Carmichael coal to hire 5000 in construction phase

Carmichael mine developers Adani are now taking expressions of interest from people wanting work in the mining industry.

The indian-owned company said it plan on hiring 5000 people during the construction phase, with the first round of workers to be hired next year, double the estimates made when approval for the mine was announced.

The company has encouraged people to submit their details now at the Adani Mining website.

A spokesman for Adani said the company would favour local people from the Mackay and Whitsunday areas.

“As part of our local procurement policy, we will also maximise Australian participation by sourcing, where possible, from regional Queensland and Australian businesses,” he said.

“We recognise the need to make a positive contribution to the communities in which we operate.

The project will be hiring for coal exploration, coal mining, rail construction and operations, infrastructure construction, and port expansion and operations.

The announcement that gave hope to property investors in mining towns

An announcement this week gave hope to all those investors who own properties in mining centres.

Indian mining company Adani started advertising the thousands of jobs that will come with its $16 billion Carmichael coal mine in Central Queensland.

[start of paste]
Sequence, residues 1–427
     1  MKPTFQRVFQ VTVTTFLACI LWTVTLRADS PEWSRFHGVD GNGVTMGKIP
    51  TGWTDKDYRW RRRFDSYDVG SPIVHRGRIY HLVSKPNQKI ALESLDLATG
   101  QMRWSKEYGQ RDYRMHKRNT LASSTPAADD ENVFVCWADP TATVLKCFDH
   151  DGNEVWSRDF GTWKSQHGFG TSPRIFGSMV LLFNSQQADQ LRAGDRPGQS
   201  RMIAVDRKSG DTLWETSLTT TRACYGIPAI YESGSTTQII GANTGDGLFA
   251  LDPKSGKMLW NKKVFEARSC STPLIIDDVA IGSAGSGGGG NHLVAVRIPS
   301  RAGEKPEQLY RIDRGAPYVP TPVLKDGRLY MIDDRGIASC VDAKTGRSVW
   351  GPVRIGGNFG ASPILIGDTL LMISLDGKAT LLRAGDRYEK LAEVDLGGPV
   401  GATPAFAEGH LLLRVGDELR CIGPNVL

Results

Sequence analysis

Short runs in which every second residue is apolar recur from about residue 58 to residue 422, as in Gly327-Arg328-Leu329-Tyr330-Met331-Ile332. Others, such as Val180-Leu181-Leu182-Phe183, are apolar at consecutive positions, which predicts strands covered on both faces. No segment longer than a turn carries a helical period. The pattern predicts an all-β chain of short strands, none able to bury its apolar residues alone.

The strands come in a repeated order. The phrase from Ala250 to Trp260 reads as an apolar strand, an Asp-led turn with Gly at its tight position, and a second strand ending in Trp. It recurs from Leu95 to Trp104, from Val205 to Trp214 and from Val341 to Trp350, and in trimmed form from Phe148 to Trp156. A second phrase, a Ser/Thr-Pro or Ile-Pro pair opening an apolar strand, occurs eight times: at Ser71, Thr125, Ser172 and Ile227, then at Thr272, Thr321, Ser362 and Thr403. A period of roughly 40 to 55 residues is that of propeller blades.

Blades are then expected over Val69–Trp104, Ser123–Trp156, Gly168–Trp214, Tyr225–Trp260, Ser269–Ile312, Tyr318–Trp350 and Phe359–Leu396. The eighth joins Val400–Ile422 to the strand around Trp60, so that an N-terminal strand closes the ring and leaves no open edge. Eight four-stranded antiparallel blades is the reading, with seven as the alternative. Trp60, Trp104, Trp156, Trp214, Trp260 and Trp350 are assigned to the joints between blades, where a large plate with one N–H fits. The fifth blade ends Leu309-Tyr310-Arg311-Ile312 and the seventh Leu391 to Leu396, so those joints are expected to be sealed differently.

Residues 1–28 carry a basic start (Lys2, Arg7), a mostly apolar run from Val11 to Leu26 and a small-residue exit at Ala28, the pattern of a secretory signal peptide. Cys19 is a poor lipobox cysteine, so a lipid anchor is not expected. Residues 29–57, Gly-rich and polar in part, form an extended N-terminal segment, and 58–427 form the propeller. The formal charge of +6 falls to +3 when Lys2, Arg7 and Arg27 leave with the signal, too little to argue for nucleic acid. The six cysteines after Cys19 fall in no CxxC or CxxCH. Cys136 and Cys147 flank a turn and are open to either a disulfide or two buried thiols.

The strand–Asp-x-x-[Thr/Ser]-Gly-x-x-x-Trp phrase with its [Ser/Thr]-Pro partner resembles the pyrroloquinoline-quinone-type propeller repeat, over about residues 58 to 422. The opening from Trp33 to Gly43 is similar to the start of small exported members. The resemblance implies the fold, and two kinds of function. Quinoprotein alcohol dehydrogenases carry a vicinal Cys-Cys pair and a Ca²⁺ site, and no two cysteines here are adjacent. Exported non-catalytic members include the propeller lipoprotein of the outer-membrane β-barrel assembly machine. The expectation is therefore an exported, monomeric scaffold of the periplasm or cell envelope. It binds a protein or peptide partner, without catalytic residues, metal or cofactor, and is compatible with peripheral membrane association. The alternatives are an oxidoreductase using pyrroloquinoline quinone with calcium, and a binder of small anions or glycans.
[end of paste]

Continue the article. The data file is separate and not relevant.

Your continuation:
It’s a further indication that Adani is keen to move ahead quickly with its project, which will include the mine, plus rail links and export port facilities.

Every day I receive emails from people who own investment properties in places like Moranbah, Emerald, Blackwater, Mudgee and the towns of the Hunter Valley.

These places have lots in common. They’re all towns where property markets boomed when coal mining was thriving, with rents and property values rising strongly. Then two things happened: the coal sector turned south just as developers were heading north. Demand fell just as supply was rising.

Big vacancies caused rents to fall and property values followed. If you bought in any of these places two years ago, you will be feeling lots of financial pain.

Moranbah’s median price has dropped 40% in the past 12 months and rents are about one-third of their peak levels.

The common dilemma expressed in so many of those emails is this: should I cut my losses and sell, or should I hold on and hope it improves? One correspondent this week suggested things might be turning around in Moranbah but asked: “Is it just wishful thinking?”

The Adani announcement that expressions of interest are open for jobs on its Carmichael mine suggests that hope is not unreasonable.

Adani, which has state and federal approvals for its Galilee Basin mine, is planning to employ up to 5,000 people during the construction phase and 4,000 more during the mine’s operation.

A key beneficiary will be Emerald, a regional centre which sits amid the Galilee Basin to the west and the Bowen Basin to the east. Lots of coal, lots of big plans, but not much action at present.